Florida man Pascal Reid was charged with alleged money laundering and engaging in an unlicensed money-servicing business back on February 6th. He was caught selling bitcoins during a police sting operation. Authority’s said 29-year-old Reid sold the bitcoins after the agent claimed he would use them to buy stolen credit cards.
Reid’s lawyer, Ronald Lowy, states that his client is not guilty, as bitcoin is yet to be classified as a currency and shouldn’t have to contest under US law. Lowy believes his client is innocent.
Bitcoin Case Shall Proceed
In contrast to Lowy’s opinion, Miami-Dade Circuit Judge Fleur Lobree says that the state of Florida has the grounds to prosecute Reid’s bitcoin case.
Reid committed a crime when he tried to sell bitcoins to an undercover agent, who made it known to Reid that he would be using the bitcoins to buy stolen credit cards.
Lobree did not rule on bitcoin’s status as a currency under state law. Rather, she admitted she was persuaded by the prosecutor’s argument, which says that bitcoins can be accounted for money laundering if another currency is involved.
Assistant State Attorney Tim Haggerty told Judge Lobree:
“This would be the equivalent of trade-based money laundering. Let’s say the defendant used the proceeds of drug sales to buy televisions and ship them to Colombia to sell them there and get money out of them.”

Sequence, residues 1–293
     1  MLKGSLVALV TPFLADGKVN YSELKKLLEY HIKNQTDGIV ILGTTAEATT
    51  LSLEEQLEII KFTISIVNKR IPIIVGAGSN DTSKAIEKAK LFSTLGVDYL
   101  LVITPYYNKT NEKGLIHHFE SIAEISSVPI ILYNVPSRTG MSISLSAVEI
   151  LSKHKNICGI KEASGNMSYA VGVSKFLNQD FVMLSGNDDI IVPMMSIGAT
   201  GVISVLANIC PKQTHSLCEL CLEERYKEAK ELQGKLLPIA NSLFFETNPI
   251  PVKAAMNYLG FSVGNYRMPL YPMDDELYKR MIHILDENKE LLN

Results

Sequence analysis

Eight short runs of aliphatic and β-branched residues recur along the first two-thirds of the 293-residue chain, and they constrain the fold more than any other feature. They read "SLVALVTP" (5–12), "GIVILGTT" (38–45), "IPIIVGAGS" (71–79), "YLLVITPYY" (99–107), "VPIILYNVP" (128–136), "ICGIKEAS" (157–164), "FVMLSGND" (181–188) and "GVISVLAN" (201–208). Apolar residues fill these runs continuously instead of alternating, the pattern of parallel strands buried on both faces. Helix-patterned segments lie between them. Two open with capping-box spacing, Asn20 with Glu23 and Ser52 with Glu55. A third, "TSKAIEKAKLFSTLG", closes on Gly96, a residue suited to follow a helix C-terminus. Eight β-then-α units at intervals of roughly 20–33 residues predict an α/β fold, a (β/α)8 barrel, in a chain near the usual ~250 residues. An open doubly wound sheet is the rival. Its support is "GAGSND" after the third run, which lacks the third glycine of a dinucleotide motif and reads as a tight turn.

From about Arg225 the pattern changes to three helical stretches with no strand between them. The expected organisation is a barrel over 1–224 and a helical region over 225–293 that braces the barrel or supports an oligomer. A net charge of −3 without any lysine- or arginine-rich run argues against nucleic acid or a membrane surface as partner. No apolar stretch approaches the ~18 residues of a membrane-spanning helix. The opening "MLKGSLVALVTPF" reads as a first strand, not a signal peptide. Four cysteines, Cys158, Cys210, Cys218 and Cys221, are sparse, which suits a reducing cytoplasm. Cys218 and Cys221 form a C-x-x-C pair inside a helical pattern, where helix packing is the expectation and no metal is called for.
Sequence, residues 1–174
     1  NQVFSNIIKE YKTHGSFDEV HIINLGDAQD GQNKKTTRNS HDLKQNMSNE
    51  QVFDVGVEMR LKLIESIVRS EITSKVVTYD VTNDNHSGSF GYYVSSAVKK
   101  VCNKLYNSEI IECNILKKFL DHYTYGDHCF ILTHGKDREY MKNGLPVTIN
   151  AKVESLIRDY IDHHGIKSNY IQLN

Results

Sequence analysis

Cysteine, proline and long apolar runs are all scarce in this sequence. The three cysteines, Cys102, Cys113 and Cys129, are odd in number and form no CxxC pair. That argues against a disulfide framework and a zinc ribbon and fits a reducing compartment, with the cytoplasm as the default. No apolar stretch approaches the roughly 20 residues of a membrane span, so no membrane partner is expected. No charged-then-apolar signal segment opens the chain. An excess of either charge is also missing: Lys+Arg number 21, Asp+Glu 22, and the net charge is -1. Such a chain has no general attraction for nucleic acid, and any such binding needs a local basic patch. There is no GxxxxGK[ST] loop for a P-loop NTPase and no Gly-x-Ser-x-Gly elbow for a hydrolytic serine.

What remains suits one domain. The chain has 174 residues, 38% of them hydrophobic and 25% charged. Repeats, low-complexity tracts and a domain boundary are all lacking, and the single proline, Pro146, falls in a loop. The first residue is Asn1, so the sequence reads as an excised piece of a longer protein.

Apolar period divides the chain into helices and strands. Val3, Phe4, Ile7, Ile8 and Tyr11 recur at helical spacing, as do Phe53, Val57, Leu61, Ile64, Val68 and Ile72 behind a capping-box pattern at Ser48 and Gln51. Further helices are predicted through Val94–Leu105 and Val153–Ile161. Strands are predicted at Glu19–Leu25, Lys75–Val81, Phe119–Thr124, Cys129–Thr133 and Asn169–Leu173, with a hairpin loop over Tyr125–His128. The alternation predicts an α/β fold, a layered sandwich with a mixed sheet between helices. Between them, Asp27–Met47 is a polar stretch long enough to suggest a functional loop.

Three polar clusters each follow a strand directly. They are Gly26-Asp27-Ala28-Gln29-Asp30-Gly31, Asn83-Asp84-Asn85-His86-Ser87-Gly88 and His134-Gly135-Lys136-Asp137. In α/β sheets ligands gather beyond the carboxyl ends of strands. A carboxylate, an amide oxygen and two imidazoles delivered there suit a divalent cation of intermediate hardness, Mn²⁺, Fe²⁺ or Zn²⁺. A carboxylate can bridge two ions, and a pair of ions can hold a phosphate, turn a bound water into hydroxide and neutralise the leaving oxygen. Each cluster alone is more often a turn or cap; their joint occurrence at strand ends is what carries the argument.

Lowy claims that after the hearing, by acknowledging the state’s decision to not argue that the digital currency is a form of currency, prosecutors are forced to believe that Reid took the officer’s word seriously about buying the stolen credit cards. He says:
“It’s interesting that the state has decided to rely on the officer’s cash and not the bitcoin as constituting currency for purposes of the money laundering statute. The point of money laundering is to turn what you have into clean cash, not turn clean cash into bitcoin.”
Michell Abner Espinoza
Similar to Pascal Reid’s case, Michell Abner Espinoza is also charged with alleged bitcoin money laundering. 30-year-old Espinoza’s representation, Rene Palomino, believes his client, who is a young, simple and humble man, did nothing wrong. Palomino insisted:
“There is no money laundering scheme or anything of that nature. I don’t think what happened here was even a crime. Bitcoins in and of themselves are not illegal. This was a regular business transaction.”
Undercover authorities were able to link Espinoza to a username (Michelhack) off of the LocalBitcoins website. An undercover agent created an account on the site to meet up with Espinoza for the bust. The meet was set up for the sale of a single bitcoin for $1,000. The steep price was said to cover a 17% conversion fee.
LocalBitcoins says that Espinoza’s profile dealt with over 100 bitcoins in transactions over a six month period.
First Florida State Bitcoin Case
One prosecutor claims that the two money laundering bitcoin cases may be the first time anyone has been prosecuted over the digital currency. After the men were arrested, Miami-Dade State Attorney Katherine Fernandez Rundle said:
“The use of bitcoins in the transactions is a new technological flourish to this very old crime. [The] arrests may be the first state prosecutions involving the use of Bitcoins in money laundering operations.”
The bitcoin cases are labeled as State of Florida v. Espinoza, 14-002923; and State of Florida v. Reid, 14-002935, Miami-Dade Circuit Court (Miami).
For more on the developing story, stay tuned to Coinreport.net.